Tuesday, February 16, 2010

Brilliant Idea

Ever bought a bottle of Riesling and been surprised that the wine is sweeter than you expected? Or not as sweet? Me too. I can’t think of another varietal that winemakers produce in so many different styles. Some regions, like Germany, have their own classification systems to guide the consumer (although knowledge of German helps). Still, much confusion and disappointment reigns.

Back in 2008, the International Riesling Foundation (yeah, I didn’t know it existed either) launched the “Riesling Taste Profile”. The IRF designed the Tasting Profile to help consumers anticipate the taste of a particular bottle of Riesling. The Riesling Taste Profile consists of “voluntary technical guidelines for wine makers and winery owners in describing their wines for consumers and that may be used on a back label, point-of-sale materials, and elsewhere”. The technical guidelines have benchmarks for residual sugar, acid, and pH. All three elements affect the taste profile of Riesling, which is why relying on only one element, such as the LCBO’s sugar content ratings, can lead you astray. For example, a Riesling with more residual sugar but high acid may well taste drier than one with less sugar and low acid. Measurements for these three elements determine how a winemaker classifies its Riesling on a continuum from Dry to Medium Dry to Medium Sweet to Sweet. Despite the benchmarks, however, a winemaker may still use judgement in how the label describes the wine.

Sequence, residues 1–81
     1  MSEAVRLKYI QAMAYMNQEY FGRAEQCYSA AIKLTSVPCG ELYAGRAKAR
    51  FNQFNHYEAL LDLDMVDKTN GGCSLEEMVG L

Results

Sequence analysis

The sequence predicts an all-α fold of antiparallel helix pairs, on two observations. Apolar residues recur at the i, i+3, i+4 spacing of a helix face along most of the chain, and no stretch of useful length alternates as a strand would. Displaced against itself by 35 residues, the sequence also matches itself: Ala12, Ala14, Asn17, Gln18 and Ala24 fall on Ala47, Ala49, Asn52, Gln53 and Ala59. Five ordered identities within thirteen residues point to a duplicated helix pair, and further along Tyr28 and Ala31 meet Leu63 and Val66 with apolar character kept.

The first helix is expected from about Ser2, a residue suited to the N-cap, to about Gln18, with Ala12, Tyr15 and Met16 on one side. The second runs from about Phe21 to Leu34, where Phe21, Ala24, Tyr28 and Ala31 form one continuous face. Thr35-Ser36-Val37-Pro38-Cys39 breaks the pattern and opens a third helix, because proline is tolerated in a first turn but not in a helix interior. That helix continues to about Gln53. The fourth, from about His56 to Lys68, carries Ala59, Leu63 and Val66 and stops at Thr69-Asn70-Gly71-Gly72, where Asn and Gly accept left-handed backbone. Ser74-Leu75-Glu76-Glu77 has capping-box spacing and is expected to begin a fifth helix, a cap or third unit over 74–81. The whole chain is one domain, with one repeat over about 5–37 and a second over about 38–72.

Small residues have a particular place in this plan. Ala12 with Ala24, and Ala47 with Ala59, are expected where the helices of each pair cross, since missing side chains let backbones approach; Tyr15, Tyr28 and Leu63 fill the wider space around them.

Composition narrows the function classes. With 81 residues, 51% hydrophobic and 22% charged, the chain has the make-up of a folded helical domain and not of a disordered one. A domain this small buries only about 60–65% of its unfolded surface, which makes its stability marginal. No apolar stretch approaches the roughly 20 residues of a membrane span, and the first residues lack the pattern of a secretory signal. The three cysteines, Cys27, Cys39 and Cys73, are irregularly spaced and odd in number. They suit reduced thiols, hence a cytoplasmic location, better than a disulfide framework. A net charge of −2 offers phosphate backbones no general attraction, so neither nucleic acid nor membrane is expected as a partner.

The IRF has members in North America (including Cave Spring Cellars), Europe, South Africa, and Australia. Decanter reports that 12 million cases of US-produced Rieslings now use the Taste Profile.

It’s not perfect, but anything that reduces consumer misperceptions and confusion has my support. Let’s hope more Riesling producers get on board.

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